GAINESVILLE, Fla. (AP) — Florida linebacker David Reese insists things will be different against Missouri this week.He believes his team's preparation, focus, effort and intensity will change — along with the outcome. It's imperative if the Gators are going to make it to a New Year's...

Junkyard Dawgs: No. 5 Georgia's stellar D a team effort

ATHENS, Ga. (AP) — Kirby Smart has coached some stellar defenses.This might be one of his best.Never mind the lack of star power."They've got some of those same traits as the good defenses I've been able to be around," the Georgia coach said Monday. "But this group probably doesn't have that...

ENTERTAINMENT

Justices could return cable TV race bias suit to lower court

WASHINGTON (AP) — The Supreme Court seems likely to overturn a lower court ruling in favor of an African-American media mogul and comedian who’s suing cable giant Comcast for racial discrimination.The justices appeared to be in broad agreement Wednesday that an appeals court applied...

Review: Driver brings 6,700 pages to life in ‘The Report’

Of all the statistics involving the Senate Select Committee on Intelligence report on the CIA’s post-9/11 detention and interrogation program — better known as the “Torture Report” — let’s focus on this for a second: It had 38,000 footnotes.This mammoth...

Review: ‘The Good Liar’ pairs Mirren and McKellen

For a blind date, we could hardly do better than Helen Mirren and Ian McKellen.They are brought swiftly together by a computer dating service in the opening minutes of “The Good Liar.” Both click “widowed.” When they cautiously sit down in a quiet London restaurant, and...

U.S. & WORLD NEWS

Astros can make history if Bregman wins MVP

Alex Bregman will try to give the Houston Astros an unprecedented sweep.If the All-Star slugger is selected the...

China tests Mars lander in international cooperation push

HUAILAI, China (AP) — China invited observers to a successful test Thursday of its Mars lander as the...

Iraq’s protests raise question: Where does the oil money go?

BAGHDAD (AP) — Waves of violent protests have engulfed Baghdad and Iraq’s southern provinces, with...

Astros can make history if Bregman wins MVP

Alex Bregman will try to give the Houston Astros an unprecedented sweep.If the All-Star slugger is selected the...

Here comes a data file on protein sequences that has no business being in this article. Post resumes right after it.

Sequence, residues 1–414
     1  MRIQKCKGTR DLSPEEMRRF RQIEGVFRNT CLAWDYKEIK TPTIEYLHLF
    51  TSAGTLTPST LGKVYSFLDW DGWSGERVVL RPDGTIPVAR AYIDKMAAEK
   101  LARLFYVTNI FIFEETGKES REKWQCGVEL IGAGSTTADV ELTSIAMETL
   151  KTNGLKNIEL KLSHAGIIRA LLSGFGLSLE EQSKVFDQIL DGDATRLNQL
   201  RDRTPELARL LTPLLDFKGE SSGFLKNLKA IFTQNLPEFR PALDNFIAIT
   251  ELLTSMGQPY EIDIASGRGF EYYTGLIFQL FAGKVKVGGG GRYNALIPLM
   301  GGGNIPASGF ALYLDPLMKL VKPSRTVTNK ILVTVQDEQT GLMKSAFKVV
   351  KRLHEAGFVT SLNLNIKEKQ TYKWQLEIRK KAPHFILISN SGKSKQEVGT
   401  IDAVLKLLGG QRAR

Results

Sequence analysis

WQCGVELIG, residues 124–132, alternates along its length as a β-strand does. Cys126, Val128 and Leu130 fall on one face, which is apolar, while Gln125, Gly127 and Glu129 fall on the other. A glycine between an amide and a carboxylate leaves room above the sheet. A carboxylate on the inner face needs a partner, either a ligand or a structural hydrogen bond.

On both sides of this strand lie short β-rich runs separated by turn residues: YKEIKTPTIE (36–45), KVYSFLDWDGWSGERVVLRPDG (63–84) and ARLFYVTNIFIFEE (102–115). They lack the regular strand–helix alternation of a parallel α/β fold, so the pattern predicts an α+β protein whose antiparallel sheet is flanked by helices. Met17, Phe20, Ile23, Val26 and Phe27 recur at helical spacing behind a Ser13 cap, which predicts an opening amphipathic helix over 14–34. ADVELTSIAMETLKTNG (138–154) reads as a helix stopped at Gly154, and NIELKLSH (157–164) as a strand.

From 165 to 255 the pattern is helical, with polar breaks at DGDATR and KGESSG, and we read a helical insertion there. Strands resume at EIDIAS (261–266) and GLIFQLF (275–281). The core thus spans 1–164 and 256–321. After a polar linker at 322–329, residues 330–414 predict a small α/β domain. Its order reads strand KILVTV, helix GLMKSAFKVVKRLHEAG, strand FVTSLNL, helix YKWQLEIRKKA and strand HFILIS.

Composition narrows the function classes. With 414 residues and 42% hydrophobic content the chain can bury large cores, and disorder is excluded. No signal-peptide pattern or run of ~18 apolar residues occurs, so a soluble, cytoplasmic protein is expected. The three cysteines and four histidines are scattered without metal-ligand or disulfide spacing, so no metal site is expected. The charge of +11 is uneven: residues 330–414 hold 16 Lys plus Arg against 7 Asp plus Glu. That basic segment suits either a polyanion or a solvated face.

China tests Mars lander in international cooperation push

HUAILAI, China (AP) — China invited observers to a successful test Thursday of its Mars lander as the...

Iraq’s protests raise question: Where does the oil money go?

BAGHDAD (AP) — Waves of violent protests have engulfed Baghdad and Iraq’s southern provinces, with...

McMenamins
Ricardo Alonso-Zaldivar the Associated Press

WASHINGTON (AP) -- Raising taxes on millionaires may be a non-starter for Republicans, but they seem to have no problem hiking Medicare premiums for retirees making a lot less.

The House is expected to vote Tuesday on a year-end economic package that includes a provision raising premiums for "high-income" Medicare beneficiaries, now defined as those making $85,000 and above for individuals, or $170,000 for families.

Some would pay as much as several hundred dollars a month additional for Medicare outpatient and prescription coverage. Millions who don't consider themselves wealthy would also end up paying more.

Just the top 5 percent of Medicare recipients currently pay higher premiums, a change that took effect a few years ago. The new GOP proposal would expand that over time to include the highest-earning one-fourth of seniors.

On Monday the White House was mum on the Republican Medicare proposal, while AARP said it's tantamount to a new tax. In the Democratic-led Senate, there's not much enthusiasm.